State Ranks High In Mental Illness Rate

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There’s always a lot of brief media attention when the latest report comes up documenting the unbelievably high rate of mental illness here in Oklahoma, but there’s never much discussion over why that is the case.

The federal Substance Abuse and Mental Health Services Administration (SAMHSA) issued a report recently that showed Oklahoma ranked second in the nation in both serious mental illness and all mental illness, ranking just behind West Virginia and Utah, respectively.

That means that 5.24 percent of Oklahomans 18 or older suffer from such serious mental illnesses as schizophrenia and severe depression while a whopping 21.88 of Oklahomans 18 or older suffer from what some might consider less debilitating forms of mental illness, such as low-grade or temporary depression. The data is from the years 2011 and 2012.

The impact of mental illness on the quality of life here, whether one suffers from symptoms or not, cannot be underplayed. It can raise the crime rate, lower work productivity and wreak havoc in families.

So why do Oklahomans suffer from so much mental illness?

One thing is sure. The state spends little public money in prevention, programs and maintaining mental health facilities, at least compared to the national average. This has a snowball effect because untreated mental illness can escalate into deeper problems. A low-grade depression, for example, could turn into clinical depression that is more difficult to treat.

But I would like to posit some other reasons for the high rate of mental illness here, many of which can be ascribed to the state’s particular “DNA”:

Lack of awareness. I would argue that many Oklahomans don’t even accept some forms of mental illness as valid and embrace a “pull yourself up from the bootstraps” mentality. Obviously, most people can recognize when someone is completely delusional in a real medical sense, but what about people who are simply extremely sad or anxious? Should they just get over it? Those sad or anxious people can face, then, a bias and a feeling that they’re abnormal, which can accelerate their conditions. We simply must get over the stigma of mental illness.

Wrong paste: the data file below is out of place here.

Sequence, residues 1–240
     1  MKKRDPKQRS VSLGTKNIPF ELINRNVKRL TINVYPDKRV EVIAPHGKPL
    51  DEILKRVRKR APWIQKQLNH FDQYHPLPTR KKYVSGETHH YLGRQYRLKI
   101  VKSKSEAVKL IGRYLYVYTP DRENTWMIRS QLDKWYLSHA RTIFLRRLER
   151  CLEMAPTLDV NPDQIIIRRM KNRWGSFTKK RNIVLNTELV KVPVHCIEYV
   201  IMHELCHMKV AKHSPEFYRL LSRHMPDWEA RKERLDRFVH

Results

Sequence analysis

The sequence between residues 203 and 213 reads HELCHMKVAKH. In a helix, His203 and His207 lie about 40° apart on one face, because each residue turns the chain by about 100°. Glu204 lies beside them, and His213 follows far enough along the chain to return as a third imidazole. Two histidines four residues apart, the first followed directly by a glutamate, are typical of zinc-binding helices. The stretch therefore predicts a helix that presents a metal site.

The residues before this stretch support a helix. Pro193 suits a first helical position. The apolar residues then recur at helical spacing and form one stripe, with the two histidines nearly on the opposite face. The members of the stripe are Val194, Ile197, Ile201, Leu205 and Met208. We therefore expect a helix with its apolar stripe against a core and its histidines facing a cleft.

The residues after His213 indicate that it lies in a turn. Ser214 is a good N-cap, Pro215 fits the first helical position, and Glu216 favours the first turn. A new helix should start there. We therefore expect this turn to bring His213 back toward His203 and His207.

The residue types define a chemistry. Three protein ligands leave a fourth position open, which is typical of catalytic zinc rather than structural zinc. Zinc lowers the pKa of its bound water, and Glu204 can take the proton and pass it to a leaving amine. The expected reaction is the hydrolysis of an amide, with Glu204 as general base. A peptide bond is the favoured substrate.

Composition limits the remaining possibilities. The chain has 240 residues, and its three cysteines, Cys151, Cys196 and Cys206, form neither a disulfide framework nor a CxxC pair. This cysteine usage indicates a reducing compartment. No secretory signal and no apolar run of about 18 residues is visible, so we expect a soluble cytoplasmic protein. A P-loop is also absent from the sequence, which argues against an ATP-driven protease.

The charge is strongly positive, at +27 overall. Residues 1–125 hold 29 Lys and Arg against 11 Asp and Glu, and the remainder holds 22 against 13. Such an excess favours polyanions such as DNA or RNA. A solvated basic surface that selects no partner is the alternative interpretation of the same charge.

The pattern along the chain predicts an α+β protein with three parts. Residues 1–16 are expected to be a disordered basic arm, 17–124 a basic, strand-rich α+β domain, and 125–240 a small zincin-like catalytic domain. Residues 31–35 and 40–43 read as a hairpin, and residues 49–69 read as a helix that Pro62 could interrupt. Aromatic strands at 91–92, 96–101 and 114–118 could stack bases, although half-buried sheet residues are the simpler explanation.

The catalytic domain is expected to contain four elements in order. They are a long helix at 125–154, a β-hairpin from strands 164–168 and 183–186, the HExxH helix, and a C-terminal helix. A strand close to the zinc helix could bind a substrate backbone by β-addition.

Bias against education. I have long held that there remains among many Oklahomans a bias and distrust of education. This can be seen from the inadequate funding for schools in the state to legislative bills that attack the scientific principle. What this does is inhibit basic awareness of psychological problems on individual and cultural levels.

Poverty. Oklahoma has a long history of being an impoverished state with poverty rates lower than the national average. What this means is that some people here tend to self-medicate or tough it out without treatment, if they can even find treatment, which leads to the next reason.

Poor medical access. The lack of medical access in Oklahoma has been a long-term dilemma, especially when it comes to mental health. The state needs more psychiatric and substance abuse facilities. It needs more outpatient facilities. This would be an investment that could really enhance the quality of life here.

The intangibles. I have argued in the past that Oklahomans, and I realize I’m generalizing, tend to tough things out in their lives. But there are so many aspects of life here that can contribute to mental illness, such as the severe weather, living in urban and rural blight, religious oppression and the lack of walking spaces within Oklahoma City’s massive urban sprawl. Physical exercise can help improve one’s basic outlook on life. Mental illness is an individual condition, of course, but one’s cultural and geographical milieu is always a factor in terms of mood and philosophy.

All this is not to say that Oklahoma is necessarily a bad place to live. For some people, obviously, it’s a wonderful place. But studies like this one point to real foundational problems in the state. It will take a holistic approach to solve it, but improving awareness and investing in mental health facilities and programs is a basic step in the right direction.